Safeguarding Freedom

Safeguarding Freedom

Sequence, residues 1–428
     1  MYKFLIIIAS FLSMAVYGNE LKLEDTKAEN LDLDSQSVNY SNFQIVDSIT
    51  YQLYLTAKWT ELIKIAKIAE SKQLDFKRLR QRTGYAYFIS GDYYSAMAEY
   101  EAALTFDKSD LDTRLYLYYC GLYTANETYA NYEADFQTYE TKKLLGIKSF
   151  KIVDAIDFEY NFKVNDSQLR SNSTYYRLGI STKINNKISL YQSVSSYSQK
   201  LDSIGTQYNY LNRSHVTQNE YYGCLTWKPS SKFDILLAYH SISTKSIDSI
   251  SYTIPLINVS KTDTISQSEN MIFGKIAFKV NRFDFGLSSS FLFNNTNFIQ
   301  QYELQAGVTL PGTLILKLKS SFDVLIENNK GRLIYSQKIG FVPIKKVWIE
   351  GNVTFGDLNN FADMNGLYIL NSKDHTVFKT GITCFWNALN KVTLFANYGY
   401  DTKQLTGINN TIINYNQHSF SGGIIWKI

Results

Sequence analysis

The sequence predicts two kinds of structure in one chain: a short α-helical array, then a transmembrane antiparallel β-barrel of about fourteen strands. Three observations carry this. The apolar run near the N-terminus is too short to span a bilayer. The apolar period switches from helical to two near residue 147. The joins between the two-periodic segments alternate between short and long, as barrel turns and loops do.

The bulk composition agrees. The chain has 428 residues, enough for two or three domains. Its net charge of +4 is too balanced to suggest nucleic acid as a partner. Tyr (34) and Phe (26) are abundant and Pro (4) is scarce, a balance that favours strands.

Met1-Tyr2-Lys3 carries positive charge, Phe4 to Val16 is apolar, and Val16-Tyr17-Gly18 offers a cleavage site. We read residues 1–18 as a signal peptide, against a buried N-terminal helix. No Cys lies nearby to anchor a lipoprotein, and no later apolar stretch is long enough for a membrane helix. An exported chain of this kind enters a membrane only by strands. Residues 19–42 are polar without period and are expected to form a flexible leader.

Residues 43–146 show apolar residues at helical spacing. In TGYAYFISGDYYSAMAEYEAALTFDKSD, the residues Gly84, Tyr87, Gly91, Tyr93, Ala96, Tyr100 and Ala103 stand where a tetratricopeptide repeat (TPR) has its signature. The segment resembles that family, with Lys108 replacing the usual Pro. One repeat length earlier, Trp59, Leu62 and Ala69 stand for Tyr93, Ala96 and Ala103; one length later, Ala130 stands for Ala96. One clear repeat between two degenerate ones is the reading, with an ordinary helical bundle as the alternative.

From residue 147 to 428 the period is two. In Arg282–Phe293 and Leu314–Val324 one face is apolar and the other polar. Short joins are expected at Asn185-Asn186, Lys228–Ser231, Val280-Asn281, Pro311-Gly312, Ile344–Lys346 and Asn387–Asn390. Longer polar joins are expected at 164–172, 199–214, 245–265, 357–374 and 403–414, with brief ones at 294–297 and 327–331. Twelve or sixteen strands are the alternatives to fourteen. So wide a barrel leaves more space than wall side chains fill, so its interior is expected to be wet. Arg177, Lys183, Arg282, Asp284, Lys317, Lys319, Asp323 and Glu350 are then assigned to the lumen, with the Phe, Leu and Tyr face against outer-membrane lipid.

“NATO” means safeguarding freedom. I took this picture when I last visited Warsaw, the city my mother is from and the locations of this year’s NATO Summit. It shows the Tomb of the Unknown Soldier, the one that has no grave. The Poles fought on many fronts in the Second World War, believing that this was their best chance to secure support for their freedom. Sadly, instead of freedom came communist oppression. For decades the Poles were told that there was only one way, the Soviet way, and that no other future could ever exist. But Poland has never settled for that. Its people continued to harbor the desire to leave totalitarianism behind and join the free world. When communism finally fell, the Poles sought NATO membership early on. Their experience taught them the importance of safeguarding what was won. After finally becoming a NATO member in 1999, Poland cannot be forced to take a step back again. Current events in Ukraine show how different things could have been without the security of NATO. Poland shows that it knows what NATO means: freedom cannot be taken for granted. And that is why one must be prepared to defend it.